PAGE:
LAHORE: A report released by the Institute of International Finance (IIF) on Thursday revealed that the Pakistani rupee has depreciated by 22% in real terms since 2017, putting their estimate for the current account at a slight surplus and the local currency being close to fair value.
According to IIF’s fair value model, the Pakistani Rupee has followed a different trajectory, falling substantially in recent years, including in 2020.
As per IIF data, the Pakistani rupee has depreciated by less than 5% during 2020 which factored in the impact of the COVID-19 shock as well.
“Our fair value model looks at these exchange rate moves through the lens of the current account. We adjust for the cyclical picture, closing domestic and trade-weighted foreign output gaps, and bring forward effects from real exchange rate fluctuations that are still feeding into export and import volumes with a lag.
This yields estimates for underlying current account balances, which we see as similar to core inflation, i.e. a better gauge of true inflation trends than headline inflation, which can be noisy and misleading,” it explained.
It noted that Pakistan’s underlying current account is in small surplus courtesy being helped along by the positive depreciation efforts.
Talking about the rupee, the recession and emerging markets, Robin Brooks, Managing Director & Chief Economist IIF told Profit, “One of the mechanisms we see across emerging markets is that recession leads to compression in import volumes, as the fall in demand reduces the flow of goods coming into the country.
That is unpleasant obviously, but it does mean that the balance of payments stabilizes and the demand for dollars abates.”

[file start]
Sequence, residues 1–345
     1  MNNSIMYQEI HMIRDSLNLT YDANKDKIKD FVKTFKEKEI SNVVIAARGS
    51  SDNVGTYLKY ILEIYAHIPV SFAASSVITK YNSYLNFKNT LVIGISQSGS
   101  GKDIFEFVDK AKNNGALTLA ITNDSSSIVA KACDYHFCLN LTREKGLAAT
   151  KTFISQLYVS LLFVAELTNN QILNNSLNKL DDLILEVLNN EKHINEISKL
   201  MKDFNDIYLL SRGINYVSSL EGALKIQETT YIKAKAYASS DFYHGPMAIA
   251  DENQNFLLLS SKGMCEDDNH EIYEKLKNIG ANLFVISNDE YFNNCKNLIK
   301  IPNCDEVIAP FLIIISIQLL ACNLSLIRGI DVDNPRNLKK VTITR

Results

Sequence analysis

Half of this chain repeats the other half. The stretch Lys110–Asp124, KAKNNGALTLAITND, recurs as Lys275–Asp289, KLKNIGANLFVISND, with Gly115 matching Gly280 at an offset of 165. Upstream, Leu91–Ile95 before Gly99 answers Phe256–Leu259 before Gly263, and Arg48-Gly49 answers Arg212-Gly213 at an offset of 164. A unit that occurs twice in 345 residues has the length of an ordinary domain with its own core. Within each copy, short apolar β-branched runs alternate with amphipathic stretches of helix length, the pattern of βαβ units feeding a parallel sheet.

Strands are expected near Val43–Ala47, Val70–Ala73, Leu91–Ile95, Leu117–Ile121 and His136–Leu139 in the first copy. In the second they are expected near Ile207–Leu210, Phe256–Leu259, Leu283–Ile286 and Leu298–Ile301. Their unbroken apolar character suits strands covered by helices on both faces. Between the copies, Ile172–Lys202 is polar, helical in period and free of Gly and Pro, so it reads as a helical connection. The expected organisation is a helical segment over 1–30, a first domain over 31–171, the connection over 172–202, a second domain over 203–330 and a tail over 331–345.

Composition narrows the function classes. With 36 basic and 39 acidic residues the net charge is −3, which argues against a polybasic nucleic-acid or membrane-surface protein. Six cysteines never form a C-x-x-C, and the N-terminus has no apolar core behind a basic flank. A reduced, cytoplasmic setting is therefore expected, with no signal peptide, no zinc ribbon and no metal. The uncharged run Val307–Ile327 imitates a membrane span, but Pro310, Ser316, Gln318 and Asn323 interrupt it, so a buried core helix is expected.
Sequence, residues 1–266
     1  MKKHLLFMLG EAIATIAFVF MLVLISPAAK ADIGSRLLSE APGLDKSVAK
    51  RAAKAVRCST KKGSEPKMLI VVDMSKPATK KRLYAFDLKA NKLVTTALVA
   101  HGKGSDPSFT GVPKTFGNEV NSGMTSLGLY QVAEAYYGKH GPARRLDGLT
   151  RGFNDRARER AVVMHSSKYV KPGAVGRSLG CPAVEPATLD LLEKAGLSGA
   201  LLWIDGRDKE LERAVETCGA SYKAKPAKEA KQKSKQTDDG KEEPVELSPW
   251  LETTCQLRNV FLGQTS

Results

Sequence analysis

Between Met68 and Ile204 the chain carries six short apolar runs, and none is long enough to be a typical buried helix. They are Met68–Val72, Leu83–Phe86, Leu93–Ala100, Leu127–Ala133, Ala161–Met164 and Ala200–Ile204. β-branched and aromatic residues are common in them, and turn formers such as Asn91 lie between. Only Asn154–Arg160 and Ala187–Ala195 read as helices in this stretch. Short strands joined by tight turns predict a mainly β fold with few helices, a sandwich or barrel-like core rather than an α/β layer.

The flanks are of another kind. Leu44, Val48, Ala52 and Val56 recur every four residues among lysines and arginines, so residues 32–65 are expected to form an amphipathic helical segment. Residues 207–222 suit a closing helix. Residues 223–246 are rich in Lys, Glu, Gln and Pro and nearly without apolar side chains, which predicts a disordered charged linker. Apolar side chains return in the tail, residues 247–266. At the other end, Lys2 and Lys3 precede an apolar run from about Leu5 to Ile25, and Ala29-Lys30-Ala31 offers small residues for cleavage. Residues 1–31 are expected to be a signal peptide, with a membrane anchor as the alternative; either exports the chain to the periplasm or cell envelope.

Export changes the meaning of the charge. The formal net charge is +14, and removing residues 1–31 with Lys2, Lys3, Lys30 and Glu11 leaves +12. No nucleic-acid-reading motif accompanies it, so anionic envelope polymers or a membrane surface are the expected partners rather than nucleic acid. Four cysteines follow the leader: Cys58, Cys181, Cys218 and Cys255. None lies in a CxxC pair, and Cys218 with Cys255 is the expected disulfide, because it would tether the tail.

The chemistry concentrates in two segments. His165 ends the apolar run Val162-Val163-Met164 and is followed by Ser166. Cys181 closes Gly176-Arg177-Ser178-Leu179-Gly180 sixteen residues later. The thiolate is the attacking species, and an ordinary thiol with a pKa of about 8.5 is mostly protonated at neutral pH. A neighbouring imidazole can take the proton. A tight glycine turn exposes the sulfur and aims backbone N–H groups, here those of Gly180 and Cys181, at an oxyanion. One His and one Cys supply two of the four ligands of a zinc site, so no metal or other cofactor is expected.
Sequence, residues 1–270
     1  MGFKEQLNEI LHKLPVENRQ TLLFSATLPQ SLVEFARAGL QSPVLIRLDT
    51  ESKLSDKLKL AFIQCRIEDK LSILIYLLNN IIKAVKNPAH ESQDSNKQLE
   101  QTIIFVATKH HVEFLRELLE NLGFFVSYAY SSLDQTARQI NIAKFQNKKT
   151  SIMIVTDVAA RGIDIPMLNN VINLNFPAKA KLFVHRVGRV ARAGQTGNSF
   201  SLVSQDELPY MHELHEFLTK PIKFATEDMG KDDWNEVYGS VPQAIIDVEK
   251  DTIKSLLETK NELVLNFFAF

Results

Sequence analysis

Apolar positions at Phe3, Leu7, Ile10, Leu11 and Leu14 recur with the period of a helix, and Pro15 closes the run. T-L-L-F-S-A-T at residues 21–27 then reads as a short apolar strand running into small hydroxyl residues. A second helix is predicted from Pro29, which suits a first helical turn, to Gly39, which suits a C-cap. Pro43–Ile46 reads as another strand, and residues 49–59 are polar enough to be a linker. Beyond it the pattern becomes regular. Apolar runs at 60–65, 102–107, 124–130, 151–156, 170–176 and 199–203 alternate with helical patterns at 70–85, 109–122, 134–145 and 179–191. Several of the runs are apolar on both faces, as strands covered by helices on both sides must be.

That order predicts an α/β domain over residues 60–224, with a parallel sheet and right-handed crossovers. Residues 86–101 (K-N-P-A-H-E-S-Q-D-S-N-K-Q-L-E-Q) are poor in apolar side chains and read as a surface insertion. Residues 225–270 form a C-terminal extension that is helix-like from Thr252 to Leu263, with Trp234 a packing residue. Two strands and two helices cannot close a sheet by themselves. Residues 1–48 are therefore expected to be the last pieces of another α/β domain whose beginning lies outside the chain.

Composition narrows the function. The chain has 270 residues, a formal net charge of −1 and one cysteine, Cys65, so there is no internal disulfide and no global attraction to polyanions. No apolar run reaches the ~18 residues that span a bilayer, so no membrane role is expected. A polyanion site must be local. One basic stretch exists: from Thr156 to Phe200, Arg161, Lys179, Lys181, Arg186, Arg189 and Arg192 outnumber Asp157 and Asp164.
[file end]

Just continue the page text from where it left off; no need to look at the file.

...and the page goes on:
“We expect that this force will help stabilize currencies across EM at this stage, including in Pakistan, which is why our valuation signal for the rupee is broadly neutral at this stage,” shared Mr Brooks.
In a tweet, Robin Brooks, Managing Director & Chief Economist IIF on Sunday said, “The rupee is among the more flexible exchange rates in EM and doesn’t look stretched (lhs, blue). At the same time, Pakistan is quite closed to trade, almost to the point of Brazil (rhs).”
Speaking to Profit, Mr Brooks said “On the openness to trade, if you are an open economy, the exchange rate needs to move less than in a relatively closed economy. An example is Turkey versus Argentina, with the former being about twice as open to trade as the latter.”
“That means that devaluation in the exchange rate is twice as powerful in Turkey because the export base is already up and running.
But for Pakistan at this point, we factor all this in and the relatively closed nature of the economy is reflected in our fair value assessment,” he shared.
Meanwhile, Mr Brooks believes that the opening of economies takes time, especially in a world where global trade has taken a massive hit due to COVID-19.
“So what’s needed is for the rupee to stay at current levels for some time, i.e. avoid appreciation, so that resources can be steered towards export sectors,” he highlighted.
Last month, the rupee had exhibited volatility against the greenback and remained under constant pressure, skirting with all-time lows reached at the end of March when it traded at Rs169.50.
However, the downward slide in the rupee in June reversed thanks to timely inflows of around $3 billion received by the State Bank of Pakistan (SBP) in the last week of June which helped the currency to stabilize and trade around Rs166-167 levels against the greenback since then.
During recently concluded fiscal year (FY) 2019-20, the rupee depreciated 4.8% year-on-year (YoY) against the 24% experienced in FY19.
Since 2001, the rupee has on average depreciated 5.4% YoY and since July 2017 it has cumulatively depreciated by around 58% against the greenback.
The rupee is expected to remain under duress during the ongoing FY21 against the greenback as the coronavirus pandemic rages on and impacts the economy including exports and remittances from overseas Pakistani’s.
In comparison, the Egyptian Pound has appreciated by around 50% in the aforementioned period, which the IIF said put its current account on a deteriorating path.
It projected a 15% overvaluation for the Egyptian Pound although it warned, “Of course, exchange rate valuation is at best a murky business and our analysis is subject to many caveats. As a result, we see any signal as pointing to elevated risk, not a definitive or preordained outcome.”
“Meanwhile, our estimate for the underlying current account of Egypt is in substantial deficit, given that the real effective appreciation of the Pound is exacerbating the picture,” it added.